The Pleasantries

We debate incessantly about what children should know and be able to do, but maybe a starting point should be to consider undesirable traits in the adults we know, and try to chop these traits off at their childish roots.

Pleasantries, and the art of casual easy small talk, are vital life skills. As a form of social literacy, being able to chat away comfortably to strangers is like the grammar of interaction. It structures your content.

In my new role next year, which I am sort of starting now, I am constantly going to be meeting new people, introducing myself and having pleasant small talk. I say pleasant… Whilst I am reliably told that I do not look anything like as awkward as I feel – perhaps because of my inscrutably placid resting face – I am not somebody to whom small talk is instinctive.

Given spontaneous interaction with strangers, if the mood catches me wrong, I find myself having to navigate my tongue around a maelstrom of improper, controversial and bluntly unnecessary statements. The desire to make people laugh should be an empowering fuzzy sort of attribute – with me. It is like a sharp clawed little Orc that sits on my back, shouting ‘Make em laugh, you scum!’ Into my ear. Sometimes I can satisfy it. Sometimes, I alienate myself from normal people.

Yesterday at a training session, we began with a getting to know you game of Globingo. We needed to go around the room answering little questions and writing names down. It was things like ‘a Find someone who volunteered abroad.’ When I got in, somebody asked me

Are you wearing anything from another country?

My reply was

‘Sweatshops probably’, which I sort of grunted. Then, with no prompting, I took both of my shoes off looking for a label. There was no label. The other people noticed my mismatched socks, one of which was a novelty sock in the design of a clownfish and the other being white stars on a red background.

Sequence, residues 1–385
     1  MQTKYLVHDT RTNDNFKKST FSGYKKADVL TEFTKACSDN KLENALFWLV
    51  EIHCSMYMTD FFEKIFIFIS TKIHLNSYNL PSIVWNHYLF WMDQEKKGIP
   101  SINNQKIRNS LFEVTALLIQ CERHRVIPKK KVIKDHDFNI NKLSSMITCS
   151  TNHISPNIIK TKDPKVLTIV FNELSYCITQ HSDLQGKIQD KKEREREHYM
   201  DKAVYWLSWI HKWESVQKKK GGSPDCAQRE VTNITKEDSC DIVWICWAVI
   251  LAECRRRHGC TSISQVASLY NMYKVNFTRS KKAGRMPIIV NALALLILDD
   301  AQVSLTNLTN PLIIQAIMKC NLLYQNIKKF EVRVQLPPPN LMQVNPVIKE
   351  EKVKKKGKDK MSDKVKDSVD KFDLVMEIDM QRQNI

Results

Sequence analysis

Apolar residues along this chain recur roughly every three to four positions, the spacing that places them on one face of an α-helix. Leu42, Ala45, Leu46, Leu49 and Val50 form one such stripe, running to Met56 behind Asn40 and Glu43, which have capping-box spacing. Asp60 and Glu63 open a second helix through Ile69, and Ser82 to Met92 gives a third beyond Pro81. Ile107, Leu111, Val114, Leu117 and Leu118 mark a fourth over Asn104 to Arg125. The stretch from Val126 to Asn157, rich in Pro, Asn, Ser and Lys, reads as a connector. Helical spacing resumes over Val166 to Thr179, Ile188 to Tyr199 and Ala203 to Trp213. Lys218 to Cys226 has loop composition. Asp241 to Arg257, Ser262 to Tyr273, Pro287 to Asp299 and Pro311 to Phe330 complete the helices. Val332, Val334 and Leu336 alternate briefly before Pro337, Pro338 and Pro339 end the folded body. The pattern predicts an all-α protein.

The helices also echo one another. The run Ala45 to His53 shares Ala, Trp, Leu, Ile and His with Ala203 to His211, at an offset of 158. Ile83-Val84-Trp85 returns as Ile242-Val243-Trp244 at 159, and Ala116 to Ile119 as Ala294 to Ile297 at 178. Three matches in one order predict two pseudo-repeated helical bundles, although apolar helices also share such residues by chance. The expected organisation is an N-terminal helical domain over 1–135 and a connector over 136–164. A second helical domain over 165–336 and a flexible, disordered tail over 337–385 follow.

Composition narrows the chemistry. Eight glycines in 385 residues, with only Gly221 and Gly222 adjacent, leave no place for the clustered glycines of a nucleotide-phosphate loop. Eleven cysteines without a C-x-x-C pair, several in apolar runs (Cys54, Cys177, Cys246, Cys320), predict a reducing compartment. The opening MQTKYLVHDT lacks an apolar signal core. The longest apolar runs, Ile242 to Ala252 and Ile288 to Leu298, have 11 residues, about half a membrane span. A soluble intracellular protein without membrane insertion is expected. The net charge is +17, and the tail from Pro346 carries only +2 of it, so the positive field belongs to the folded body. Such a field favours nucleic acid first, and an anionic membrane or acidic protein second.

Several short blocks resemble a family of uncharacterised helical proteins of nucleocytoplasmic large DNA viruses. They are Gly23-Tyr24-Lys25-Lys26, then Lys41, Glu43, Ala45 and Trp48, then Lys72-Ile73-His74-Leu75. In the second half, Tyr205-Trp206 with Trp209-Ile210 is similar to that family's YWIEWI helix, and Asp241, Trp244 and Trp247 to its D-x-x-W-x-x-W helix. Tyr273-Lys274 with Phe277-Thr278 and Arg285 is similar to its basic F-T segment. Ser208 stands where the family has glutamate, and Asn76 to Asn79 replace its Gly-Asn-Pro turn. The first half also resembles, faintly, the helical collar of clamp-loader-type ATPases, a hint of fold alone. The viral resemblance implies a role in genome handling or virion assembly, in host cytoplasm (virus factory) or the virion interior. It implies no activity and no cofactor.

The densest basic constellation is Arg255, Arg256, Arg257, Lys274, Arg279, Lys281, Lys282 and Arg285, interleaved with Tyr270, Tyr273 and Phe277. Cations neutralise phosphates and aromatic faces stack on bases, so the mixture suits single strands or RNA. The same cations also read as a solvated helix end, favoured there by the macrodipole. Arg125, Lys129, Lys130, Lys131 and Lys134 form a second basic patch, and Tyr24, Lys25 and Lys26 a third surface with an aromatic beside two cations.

I put my shoe back on and asked whether my now-nervous tablemate could speak another language. She said yes, I forgot her name so couldn’t write it down and just kind of scribbled. Then I went for the biscuits.

Now I admit that the lions share of my awkwardness is internal. Most of the weirdness stays pulsating below the surface, as I am sure is the case for most of us (please say yes). Nonetheless, the social skills of small talk are vital to get on in society. Like everything, I feel it can be trained, though some have an early lead.

When I think of my kids, there are some who are so naturally conversational, the issue is curbing them. Small talk it ain’t. Any idle comment about the weather on my part can engender a flurry of observations, complaints and questions.

Other kids though are clearly lacking in the social nous. One of my chaps amuses me with his face of utter distaste when I spontaneously engage with him on a purely social rather than academic level. If I ask him how Neptune stays in orbit, he can gladly tell me. If I ask him how he is today, he looks at me as if I have just emerged from behind his family sofa and replies, with a suspicious and slow utterance, ‘…Fine…’

What have you been up to?
‘Nothing.’
Looking forward to swimming this afternoon.
‘Yes.’

I know how he feels. Sometimes I wish the social world functioned as a multiple choice test, kid. But the art of small talk is key to building up your social group, and when this awkwardness spreads to your friends as well as your invasively interrogatory teacher, it becomes an issue.

Let’s teach the art of conversation.

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4 thoughts on “The Pleasantries

  1. Controversially, I disagree with you, Jonny. I don’t think it social literacy – I think pleasantries and small talk are an active part of socialisation. Part of your life as northerner. Absent from your life as southerner. Yes, these are sweeping generalsations, but I have had a long and tiring day and there is no need to dress it up.

    When I worked in Liverpool the banter with the pupils, as I sat at the back of the class observing a trainee, was eye wateringly funny and spontaneous and memorable and engaging. It was pacey, skipped from mature to immature and was a ritual of welcome, to an extent, to me as a visitor in their classroom. Most crucially, it was initiated by the pupils – with confidence.

    Here is London, that also happens. But when it does, its an event. There is a fanfare and fireworks and comments about how chatty pupil A is, how he takes after his Mum who never stops, how he is always staying behind to chat to adults. Its unusual, in other words.

    Finally, I did a survey with people we both know (Rocky) and we talked about how superconfident (new word I just invented) we found you to be.
    You have an aura. A good one. And it draws people in. I wonder if you see somthing different to what we see?

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